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Ok, so this is year #2 for me and my garden. I have quite a bit of land here where I'm renting, so, last year, we went ahead and made a pretty big plot for a beginner (about 600 sq ft). Right now, I feel like my garden is at the "hobby" stage - where I work out there, plant stuff, etc, but I'm definitely spending more than I'm saving by gardening.

When did your gardens become cost efficient? As in, when were you spending less on the garden than you would to just buy the produce?

Plus, some of my garden is just fallow because I can't get stuff to grow. I allocated room for lettuce this year, and nothing came up (I planted 3 separate times with no success). Is it just more experience, keep trying different things until I see what works?

Thanks.
 

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Wondering this too...

We spent quite a bit on a raised bed this year and half the stuff we planted either didn't grow or grew but died (due to disease or the d*mn rabbit I've been battling). Fortunately, dp is keeping an open mind about it but he does get a joke in here and there about how the tomato I just picked cost him $50
But- we've learned a lot from this experience and we have some ideas for next year...
 

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Oh gosh, it totally depends. As you become more experienced, your garden is bound to be more productive, and the expensive stuff (tools, initial inputs for beds) has already been purchased, but it is still easy to put more money into it than you need to if you aren't careful.

This year, I spent under $30 on seeds and plants (I bought some new seeds, used seeds I had saved from the year before, and bought plugs instead of full-sized starts for tomatoes and peppers and such). I did not buy any fertilizer (I used homemade compost only), but did spend $8 on new mulch for the rows between my raised beds. I really didn't buy anything else, so for under $40, I had my garden. That wouldn't even cover 2 weeks with a local CSA, so even given a really bad year where plenty of things failed, I did better than I would have had I not grown the garden.

Some things were totally free. 4 years ago, I spent $9 on garlic seed bulbs. This year, I harvested 40+ heads of garlic. I'll plant half for next year, and the rest should last us half a year. Parsley, cilantro, and dill all reseeded themselves from years past, so I didn't even need to plant those. Radishes all grew from seed I saved the year prior. I let the first 7 radishes go to seed, and I'll plant those next year. 4 tomato plants were volunteers from my neighbor's compost pile that she didn't have room for. Anything you can save or acquire for free will help.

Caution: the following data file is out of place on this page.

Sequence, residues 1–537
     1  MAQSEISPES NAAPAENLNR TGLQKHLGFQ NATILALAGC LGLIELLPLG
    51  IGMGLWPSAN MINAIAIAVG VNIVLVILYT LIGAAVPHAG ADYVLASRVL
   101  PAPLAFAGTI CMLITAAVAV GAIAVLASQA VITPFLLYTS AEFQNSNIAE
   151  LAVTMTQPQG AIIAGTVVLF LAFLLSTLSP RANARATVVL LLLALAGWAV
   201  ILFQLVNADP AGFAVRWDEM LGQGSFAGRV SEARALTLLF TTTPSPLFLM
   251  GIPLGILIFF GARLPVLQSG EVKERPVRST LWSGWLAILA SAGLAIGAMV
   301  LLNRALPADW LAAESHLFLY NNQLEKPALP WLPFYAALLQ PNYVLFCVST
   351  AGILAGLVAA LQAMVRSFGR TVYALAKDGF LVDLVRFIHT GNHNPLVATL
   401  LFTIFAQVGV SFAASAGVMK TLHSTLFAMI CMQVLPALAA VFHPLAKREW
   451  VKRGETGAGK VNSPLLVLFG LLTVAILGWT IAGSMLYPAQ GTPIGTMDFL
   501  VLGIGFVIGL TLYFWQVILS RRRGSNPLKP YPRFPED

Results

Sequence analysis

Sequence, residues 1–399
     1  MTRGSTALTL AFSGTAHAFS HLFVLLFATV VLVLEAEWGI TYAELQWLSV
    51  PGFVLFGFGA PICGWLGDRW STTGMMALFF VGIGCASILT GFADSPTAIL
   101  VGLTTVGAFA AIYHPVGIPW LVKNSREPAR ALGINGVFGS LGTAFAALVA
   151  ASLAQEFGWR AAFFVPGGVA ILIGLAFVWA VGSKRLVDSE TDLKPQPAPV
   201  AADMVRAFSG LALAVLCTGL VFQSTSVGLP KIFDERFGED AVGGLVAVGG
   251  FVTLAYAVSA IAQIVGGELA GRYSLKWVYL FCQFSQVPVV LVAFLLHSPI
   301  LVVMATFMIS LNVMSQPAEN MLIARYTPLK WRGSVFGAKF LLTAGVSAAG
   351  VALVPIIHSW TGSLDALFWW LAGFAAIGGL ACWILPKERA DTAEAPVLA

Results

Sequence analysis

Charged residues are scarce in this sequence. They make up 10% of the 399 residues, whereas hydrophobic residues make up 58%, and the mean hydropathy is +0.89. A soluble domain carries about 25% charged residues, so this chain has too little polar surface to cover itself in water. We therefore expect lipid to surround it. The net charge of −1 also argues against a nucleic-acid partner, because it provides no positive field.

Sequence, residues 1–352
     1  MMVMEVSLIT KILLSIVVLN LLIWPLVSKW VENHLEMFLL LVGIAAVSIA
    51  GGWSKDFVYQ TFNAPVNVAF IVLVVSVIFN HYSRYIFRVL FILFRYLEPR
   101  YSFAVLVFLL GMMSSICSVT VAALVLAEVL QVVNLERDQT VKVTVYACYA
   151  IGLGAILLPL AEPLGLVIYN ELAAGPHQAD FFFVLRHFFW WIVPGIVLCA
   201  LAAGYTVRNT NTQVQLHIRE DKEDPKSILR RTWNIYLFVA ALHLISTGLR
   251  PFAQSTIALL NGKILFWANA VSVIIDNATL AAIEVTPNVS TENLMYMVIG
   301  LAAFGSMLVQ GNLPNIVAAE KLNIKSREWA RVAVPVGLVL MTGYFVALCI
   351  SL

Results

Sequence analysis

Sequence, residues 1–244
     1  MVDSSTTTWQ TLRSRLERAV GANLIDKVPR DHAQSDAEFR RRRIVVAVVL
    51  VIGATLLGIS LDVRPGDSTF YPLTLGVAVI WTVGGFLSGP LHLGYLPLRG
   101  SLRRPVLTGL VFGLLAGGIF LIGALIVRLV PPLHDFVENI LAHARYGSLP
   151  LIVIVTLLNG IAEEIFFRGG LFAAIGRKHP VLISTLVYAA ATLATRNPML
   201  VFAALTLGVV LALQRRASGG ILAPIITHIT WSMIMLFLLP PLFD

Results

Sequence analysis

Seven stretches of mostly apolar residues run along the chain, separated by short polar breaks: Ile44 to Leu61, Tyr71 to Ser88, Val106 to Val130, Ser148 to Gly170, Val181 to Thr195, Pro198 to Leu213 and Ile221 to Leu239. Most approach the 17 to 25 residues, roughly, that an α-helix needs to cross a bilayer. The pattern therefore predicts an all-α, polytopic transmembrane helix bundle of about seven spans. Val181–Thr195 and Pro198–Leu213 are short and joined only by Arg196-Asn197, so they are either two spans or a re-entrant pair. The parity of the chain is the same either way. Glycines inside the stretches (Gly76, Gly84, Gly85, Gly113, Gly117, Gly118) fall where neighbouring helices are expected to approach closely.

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I guess it just depends. If you do bare bones everything and don't buy anything (and only plant free plants or use seeds you saved yourself) you could be pretty cost efficient.

I'm still in more of the hobby type phase.
The garden is my fun (so yes, I've got quite the seed collection, but dang, with all my seed saving I could probably go years without having to buy more seed).
Wood cutting is hubby's fun (so he has the nice gear - kevlar-weave chaps, 4 chainsaws, tow cable/chains, a towing block, etc.). Our hobbies just happen to be useful - mine helps feed us, his helps keep us warm from Sept-May.

Plus I'm still adding things and moving things around - probably until I absolutely run out of room to put things (our house lot is .28 acres). Our garden beds add up to about 1200sf plus fruit trees around our property, but I want to put a greenhouse someplace, the blackberries up by the shed, move the hops vines to a to-be-built trellis over the blueberries, more grapes on the shed, and blah blah blah. It keeps me happy and busy, the kids actually know that a carrot or potato comes from under the dirt, etc.

Did I have a point? Oh, once you get the hang of things and if you don't have to move, I'm sure you'd find your groove like my grandparents did. Their garden always had something going on when we visited, and if they had flops, I never knew about them (but at that age I wouldn't have paid much attention anyway).
 

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It never paid off for us--it required too much to make our dirt usable and to work around our leech fields. So this year we quit spending money on a garden and just joined a CSA instead...and that paid for itself within the first few months.
: For us, gardening just didn't work out well--we have bad soil, a huge leech field, and to do it organically resulted in a lot of stuff that just didn't survive.
 

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Quote:

Originally Posted by jojoboy View Post
Plus, some of my garden is just fallow because I can't get stuff to grow. I allocated room for lettuce this year, and nothing came up (I planted 3 separate times with no success). Is it just more experience, keep trying different things until I see what works?